Google (GOOG -2.06%) (GOOGL -1.90%) stock has delivered massively for investors over the long term. Shares of the online search giant are up by 318% in the past decade, comfortably beating the Nasdaq index and its 121% gain over the same period. Even better, our contributors believe that Google still offers considerable upside potential in the years ahead, and they highlight three key reasons to buy Google now.
Andres Cardenal. The most important variable to consider when making investment decisions for the long term is arguably competitive strength, as these are the main tools that will protect the company's revenue and cash flows from the competition through the years. Fortunately for investors, Google is second to none when it comes to competitive advantages in online advertising.
The Google brand is so powerful that many consumers use the expression "to google" as a synonym to searching for online information. According to data from StatCounter, the company owns a gargantuan market share of more than 91% in the global search market when including both desktop and mobile. When it comes to search advertising dollars, eMarketer estimates that Google will retain 54.5% of the industry's revenue in 2015.
Google also owns several of the most valuable assets and properties in the online world. Management said during the company's second-quarter conference call that Google Search, YouTube, Android, Chrome, and Google Maps each have over 1 billion users. The bigger Google gets, the more information it collects from its users, and the company capitalizes on that data to provide both better services to consumers and more effective ads for its advertising clients.
Google is already huge and remarkably strong, and everything indicates that the company will continue getting bigger and stronger in the future.
Tim Green: Google's profitability is genuinely impressive. During the past 12 months, the company generated $17.4 billion of operating income, or about 25% of revenue. The company is also a cash machine, with operating cash flow of nearly $26 billion and free cash flow of $14.6 billion in the trailing-12-month period. Google makes more money than it knows what to do with, as tens of billions of dollars pile up on the balance sheet.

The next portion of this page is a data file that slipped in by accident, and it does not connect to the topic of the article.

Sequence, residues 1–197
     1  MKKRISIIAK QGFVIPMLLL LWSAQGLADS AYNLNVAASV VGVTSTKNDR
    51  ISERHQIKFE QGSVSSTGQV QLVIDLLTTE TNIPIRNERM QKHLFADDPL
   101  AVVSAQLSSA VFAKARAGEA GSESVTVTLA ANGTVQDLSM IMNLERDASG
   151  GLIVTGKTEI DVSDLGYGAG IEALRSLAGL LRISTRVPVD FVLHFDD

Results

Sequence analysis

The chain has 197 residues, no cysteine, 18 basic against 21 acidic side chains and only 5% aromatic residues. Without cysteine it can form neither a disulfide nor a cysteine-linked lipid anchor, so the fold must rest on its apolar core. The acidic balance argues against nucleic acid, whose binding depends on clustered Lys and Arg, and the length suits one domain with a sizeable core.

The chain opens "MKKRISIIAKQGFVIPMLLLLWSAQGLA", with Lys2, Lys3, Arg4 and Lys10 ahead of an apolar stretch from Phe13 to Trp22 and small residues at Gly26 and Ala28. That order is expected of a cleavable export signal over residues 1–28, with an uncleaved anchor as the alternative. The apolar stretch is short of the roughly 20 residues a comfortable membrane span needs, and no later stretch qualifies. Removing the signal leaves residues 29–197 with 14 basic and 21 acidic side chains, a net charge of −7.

This excess cash actually makes Google appear less profitable than it really is. Google's return on equity, which is net income divided by the book value, is about 12.9% based on the most recent figures, not much better than the average return on equity of the S&P 500. But all that cash drives up the book value, making Google appear average when in reality it's anything but. Backing out most of this excess cash, which isn't necessary to operate the business, Google's true return on equity is around 25% to 30%, a much more impressive figure.
This exceptional profitability means Google deserves to trade at a premium, and it certainly does. The stock currently trades for around 30 times the company's trailing-12-month GAAP earnings, and about 22 times the average analyst estimate for 2015 non-GAAP earnings, which excludes stock-based compensation. What investors get for this premium price is a company with incredible profitability and room to grow.
Steve Symington: It's true that Google's balance sheet is ironclad, its core advertising business solid, and its growth still impressive for such a large company. But from an investor's standpoint, I think one of the most exciting reasons to own Big G is its "moonshot" initiatives. These are high-potential projects the company has undertaken with a very long-term outlook in mind.
For example, Google launched its self-driving car moonshot in 2009, but only just unveiled what it described as the "first real build" of that car this past December (sans a steering wheel and gas/brake pedals, of course). And after Google acquired eight robotics companies in less than six months in late-2013 -- notably including humanoid bot-maker Boston Dynamics -- company executive Andy Rubin later acknowledged one of Google's goals is to, among other things, create delivery robots to carry packages from those self-driving cars to your door.
"Like any moonshot," Rubin elaborated, "you have to think of time as a factor. We need enough runway and a 10-year vision."
Among other moonshot projects are the Google Glass wearable device for augmented reality, a self-stabilizing spoon for people with tremors, a glucose monitoring contact lens for diabetics, and plans to make Internet connectivity more ubiquitous on a global scale using hundreds of high-capacity, low-elevation satellites, drones, and even high-altitude balloons -- the last of which is better known as "Project Loon."
These ambitious projects are the very essence of what Google is all about: Changing the world for the better through technology. Of course, not all will prove successful from a financial standpoint. But much in the same way a single multi-bagger stock can positively dictate the performance of an entire portfolio, they don't all need to succeed for the moonshot effort as a whole to pay dividends to shareholders over the long run.